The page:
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IU economists forecast labor and supply chain issues into 2022

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Samantha Horton/IPB News
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Indiana economists forecast that shortages in the supply chain and workforce will continue in 2022. The annual Indiana University Kelley School of Business economic outlook released Thursday shows the financial effects of the pandemic will likely continue — including rising inflation and wages.Consumer demand is strong, but the bottleneck in the supply chain and the shortage of truck drivers has caused prices to increase exponentially. At the same time, the demand for workers is driving up wages, though economists don’t expect as much wage growth in Indiana compared to the U.S.

“Historically, Indiana has seen lower growth in income than at the national level, about a 0.4 percent difference,” said IU economist Jennifer Rice. “And we expect to continue to see that moving forward into 2022.”

IU economist Kyle Anderson said when looking at inflation this year and into 2022, the best case scenario is that it stabilizes.

“Inflation goes back from being, you know, 5 percent, this year to 2 percent next year,” Anderson said. “That's what we had hoped for. That doesn't mean that, you know, they're gonna come back down to 2019 levels. But that's OK. As long as wages are also moving up with it. It won't squeeze too many households.”

Anderson said for those on a fixed income or retired, the rise in inflation could be a bigger concern.

While Indiana’s tax-friendly policies and affordability would seem to be a draw to new businesses, Indianapolis ranks 38th out of 40 metropolitan areas in small business growth. The panelists highlighted the need to improve this statistic, especially in communities of color.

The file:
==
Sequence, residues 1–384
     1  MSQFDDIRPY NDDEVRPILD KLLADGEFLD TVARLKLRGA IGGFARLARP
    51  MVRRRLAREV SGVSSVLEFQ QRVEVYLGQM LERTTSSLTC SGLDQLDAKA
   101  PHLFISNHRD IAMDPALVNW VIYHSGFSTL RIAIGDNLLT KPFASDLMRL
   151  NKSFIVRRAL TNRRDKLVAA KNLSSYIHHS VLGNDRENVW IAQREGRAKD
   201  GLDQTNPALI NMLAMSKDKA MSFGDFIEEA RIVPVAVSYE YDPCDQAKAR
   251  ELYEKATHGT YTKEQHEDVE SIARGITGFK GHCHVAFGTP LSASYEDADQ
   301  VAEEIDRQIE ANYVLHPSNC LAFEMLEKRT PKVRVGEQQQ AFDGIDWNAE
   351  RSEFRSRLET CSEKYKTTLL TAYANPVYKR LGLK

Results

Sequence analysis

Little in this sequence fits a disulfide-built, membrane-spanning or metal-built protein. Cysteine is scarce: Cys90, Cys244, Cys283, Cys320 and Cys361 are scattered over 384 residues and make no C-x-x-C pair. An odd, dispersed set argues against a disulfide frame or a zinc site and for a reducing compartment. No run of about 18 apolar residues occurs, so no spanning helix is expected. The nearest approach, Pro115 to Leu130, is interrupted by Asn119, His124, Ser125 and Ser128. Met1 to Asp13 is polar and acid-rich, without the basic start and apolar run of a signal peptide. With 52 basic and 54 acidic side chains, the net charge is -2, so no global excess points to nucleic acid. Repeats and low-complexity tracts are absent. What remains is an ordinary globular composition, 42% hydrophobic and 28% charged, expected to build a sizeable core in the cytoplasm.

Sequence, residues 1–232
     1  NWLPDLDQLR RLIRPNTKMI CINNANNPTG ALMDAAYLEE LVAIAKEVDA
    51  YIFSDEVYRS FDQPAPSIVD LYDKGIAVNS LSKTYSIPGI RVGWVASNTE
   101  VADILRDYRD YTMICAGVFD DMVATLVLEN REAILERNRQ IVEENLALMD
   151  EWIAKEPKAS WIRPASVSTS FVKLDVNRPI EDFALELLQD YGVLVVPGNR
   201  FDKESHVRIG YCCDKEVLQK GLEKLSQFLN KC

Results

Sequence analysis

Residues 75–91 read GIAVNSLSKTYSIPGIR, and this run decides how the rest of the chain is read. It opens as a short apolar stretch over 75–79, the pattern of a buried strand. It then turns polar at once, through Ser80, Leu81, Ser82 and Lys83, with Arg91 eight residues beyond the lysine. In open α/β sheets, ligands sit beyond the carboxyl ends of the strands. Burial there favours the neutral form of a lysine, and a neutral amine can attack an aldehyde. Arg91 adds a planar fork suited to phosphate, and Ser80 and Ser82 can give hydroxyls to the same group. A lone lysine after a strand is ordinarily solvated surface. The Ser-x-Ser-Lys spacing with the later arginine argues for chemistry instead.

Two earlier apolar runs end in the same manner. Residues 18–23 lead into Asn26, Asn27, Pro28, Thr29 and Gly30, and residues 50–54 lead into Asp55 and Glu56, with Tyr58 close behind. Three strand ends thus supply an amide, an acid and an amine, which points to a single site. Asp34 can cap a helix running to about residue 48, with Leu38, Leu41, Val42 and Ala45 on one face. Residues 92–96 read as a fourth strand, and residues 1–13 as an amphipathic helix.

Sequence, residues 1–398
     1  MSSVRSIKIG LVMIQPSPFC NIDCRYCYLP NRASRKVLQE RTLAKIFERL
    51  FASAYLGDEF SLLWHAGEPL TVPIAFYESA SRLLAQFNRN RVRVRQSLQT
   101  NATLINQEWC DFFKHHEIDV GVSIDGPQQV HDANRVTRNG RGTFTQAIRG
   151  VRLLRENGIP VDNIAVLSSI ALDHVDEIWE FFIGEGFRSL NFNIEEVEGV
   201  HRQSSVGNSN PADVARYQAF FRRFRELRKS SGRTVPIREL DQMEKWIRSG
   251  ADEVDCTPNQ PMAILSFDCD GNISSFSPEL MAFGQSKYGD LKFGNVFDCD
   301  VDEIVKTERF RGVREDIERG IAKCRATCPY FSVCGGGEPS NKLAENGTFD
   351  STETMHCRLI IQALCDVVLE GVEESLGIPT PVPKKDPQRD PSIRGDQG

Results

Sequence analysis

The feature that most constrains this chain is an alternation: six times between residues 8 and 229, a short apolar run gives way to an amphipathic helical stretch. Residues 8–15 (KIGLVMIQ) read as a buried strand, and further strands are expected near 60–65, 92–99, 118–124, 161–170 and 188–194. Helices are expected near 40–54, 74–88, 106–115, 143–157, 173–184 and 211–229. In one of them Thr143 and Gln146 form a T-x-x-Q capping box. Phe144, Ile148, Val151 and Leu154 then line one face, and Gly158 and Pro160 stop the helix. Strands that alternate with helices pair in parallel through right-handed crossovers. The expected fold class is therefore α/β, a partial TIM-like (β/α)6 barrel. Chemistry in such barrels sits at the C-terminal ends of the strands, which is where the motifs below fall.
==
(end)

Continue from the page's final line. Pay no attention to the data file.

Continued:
Small businesses help foster innovation in the state and contribute to economic mobility. But the opportunities aren’t equally accessible to all Hoosiers. 

Black residents make up about 25 percent of the population in Marion County, but own only 4 percent of businesses.

Indy Black Chamber of Commerce board chairwoman Anita Williams said the organization has seen a 40 percent increase in membership over the past year. She said while there’s been an uptick in Black-owned businesses in the city, more work needs to be done.

“I think a big problem still in Indiana is that we're not a diverse community. Not really, we're very segregated,” Williams said. “And until we understand that we need to be diverse, we need to be a welcoming community for everyone. And as soon as we do that, I think there can be a lot of growth here in Indiana.”

Williams said her organization has been working with Black business owners to help them with finances — a major issue that disproportionately affects people of color. 

Indianapolis is one of 10 stops the economists are making around the state to discuss national, statewide and local outlooks for next year.

Join the conversation and sign up for the Indiana Two-Way. Text "Indiana" to 73224. Your comments and questions in response to our weekly text help us find the answers you need on statewide issues.

Contact reporter Samantha at shorton@wfyi.org or follow her on Twitter at @SamHorton5.

Last month, we welcomed Samantha Horton to our station. She is Indiana Public Broadcasting reporter, mainly reporting on business and economic issues in the States of Indiana for WBAA. After graduated from Evansville University with a triple majors degree (International studies, Political science and Communication), Samantha worked for a Public Radio at Evansville for three years, and then she joined WBAA because she wanted to take a bigger role on reporting. So far she enjoyed working in WBAA as business and economy reporter.